So, who stole Dany’s dragons? The fat pious shit dubbed The Spice King or the Voldemort -impersonator Pyat Pree? The theft of Dany’s dragons is something that never occurred in the novels, but I think I know where my money is. Dany’s scene with The Spice King stood out as the weakest. Patronising might be the intended tone of The Spice King’s delivery, but it was borderline insufferably predictable and twee. Then Dany started shouting, again, about – you guessed it – FIRE. AND BLOOD. She needs to learn to listen to Ser Jorah a she’s rather rapidly getting overconfident. As she’s about to learn, without her dragons she isn’t much of a threat to anyone and instead of barking fiery promises she should be whispering vengeance. Xaro Xhoan Daxos’s speech about making your way and the necessity of getting your hands dirty certainly rings true – Dany needs to stop expecting everyone to fall over at her feet and start doing things the hard way. Also, killing off Irri? That seems kind of harsh – millions of fanboys will be weeping into their pillows now that any chance of the scene where Dany takes Irri to bed has gone out the window. Oh well.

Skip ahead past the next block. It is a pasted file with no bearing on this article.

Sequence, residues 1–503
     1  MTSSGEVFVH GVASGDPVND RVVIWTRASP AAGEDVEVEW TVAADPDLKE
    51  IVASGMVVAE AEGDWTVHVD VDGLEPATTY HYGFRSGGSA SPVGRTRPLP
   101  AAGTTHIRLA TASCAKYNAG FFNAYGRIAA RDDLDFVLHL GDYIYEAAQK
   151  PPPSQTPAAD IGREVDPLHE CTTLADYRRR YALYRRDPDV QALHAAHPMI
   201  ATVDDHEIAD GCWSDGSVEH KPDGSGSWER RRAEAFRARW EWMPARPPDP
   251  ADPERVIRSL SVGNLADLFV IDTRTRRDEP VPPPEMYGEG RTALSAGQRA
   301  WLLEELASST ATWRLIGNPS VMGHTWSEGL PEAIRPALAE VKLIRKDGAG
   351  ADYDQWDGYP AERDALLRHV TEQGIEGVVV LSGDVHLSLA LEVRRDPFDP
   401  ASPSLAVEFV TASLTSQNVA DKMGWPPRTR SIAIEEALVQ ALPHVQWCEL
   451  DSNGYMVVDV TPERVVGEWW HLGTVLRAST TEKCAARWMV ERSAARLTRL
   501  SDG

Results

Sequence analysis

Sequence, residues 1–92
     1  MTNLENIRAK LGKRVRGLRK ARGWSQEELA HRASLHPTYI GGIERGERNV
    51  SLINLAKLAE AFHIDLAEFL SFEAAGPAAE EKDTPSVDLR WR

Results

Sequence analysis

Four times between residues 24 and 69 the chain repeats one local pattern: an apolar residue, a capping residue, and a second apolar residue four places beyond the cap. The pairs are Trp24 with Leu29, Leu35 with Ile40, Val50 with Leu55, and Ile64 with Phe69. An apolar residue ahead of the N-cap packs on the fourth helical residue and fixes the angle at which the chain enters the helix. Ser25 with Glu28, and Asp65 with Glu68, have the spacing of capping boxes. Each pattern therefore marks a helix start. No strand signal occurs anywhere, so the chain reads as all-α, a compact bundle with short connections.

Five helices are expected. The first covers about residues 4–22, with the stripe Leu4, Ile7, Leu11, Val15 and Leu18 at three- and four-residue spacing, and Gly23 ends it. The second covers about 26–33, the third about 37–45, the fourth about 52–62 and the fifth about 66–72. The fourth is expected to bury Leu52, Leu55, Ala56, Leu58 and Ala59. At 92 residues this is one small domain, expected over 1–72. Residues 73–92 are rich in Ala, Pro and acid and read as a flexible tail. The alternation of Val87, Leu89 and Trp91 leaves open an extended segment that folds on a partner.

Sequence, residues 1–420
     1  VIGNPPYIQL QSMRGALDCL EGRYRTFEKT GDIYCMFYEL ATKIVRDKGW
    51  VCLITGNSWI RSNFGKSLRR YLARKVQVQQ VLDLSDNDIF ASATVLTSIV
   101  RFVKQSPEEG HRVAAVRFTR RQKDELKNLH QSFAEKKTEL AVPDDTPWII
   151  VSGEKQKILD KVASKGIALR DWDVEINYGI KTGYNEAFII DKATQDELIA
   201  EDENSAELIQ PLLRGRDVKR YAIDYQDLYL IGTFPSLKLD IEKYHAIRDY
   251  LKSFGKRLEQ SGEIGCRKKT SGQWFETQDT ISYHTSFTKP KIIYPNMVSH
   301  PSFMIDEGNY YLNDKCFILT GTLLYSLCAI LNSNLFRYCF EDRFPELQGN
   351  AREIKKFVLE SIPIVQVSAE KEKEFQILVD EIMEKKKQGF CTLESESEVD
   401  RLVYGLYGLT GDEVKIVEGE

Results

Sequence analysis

It seems, despite listening three times to the part where Robb asked his new love interest’s name I still managed to get it wrong a couple of episodes back. It’s Lady Talisa, not Melissa! Apologies. His reluctant, soft delivery of “I know, I know” to a returned Catelyn certainly rang true of a mother-son relationship, though. This storyline is still a bit of a non-starter, but Roose Bolton’s delivery of the bad news about Winterfell to Robb saved the scene. Bolton, a little different to his almost whisper-soft way of speaking mentioned in the book, is proving to be quite a vocal man, one not afraid of telling hard truths. His offer of sending his bastard to retake Winterfell from Theon and the Iron Islanders gave me chills though, and fans of the books will doubtless share the anticipation in seeing what the bastard of the Dreadfort will be like. To say more would be spoilerific.
No Stannis, no Mel, no Davos, no Tyrells. But lo! Next week brings the return of Jaime Lannister, the Kingslayer himself – and about bloody time too.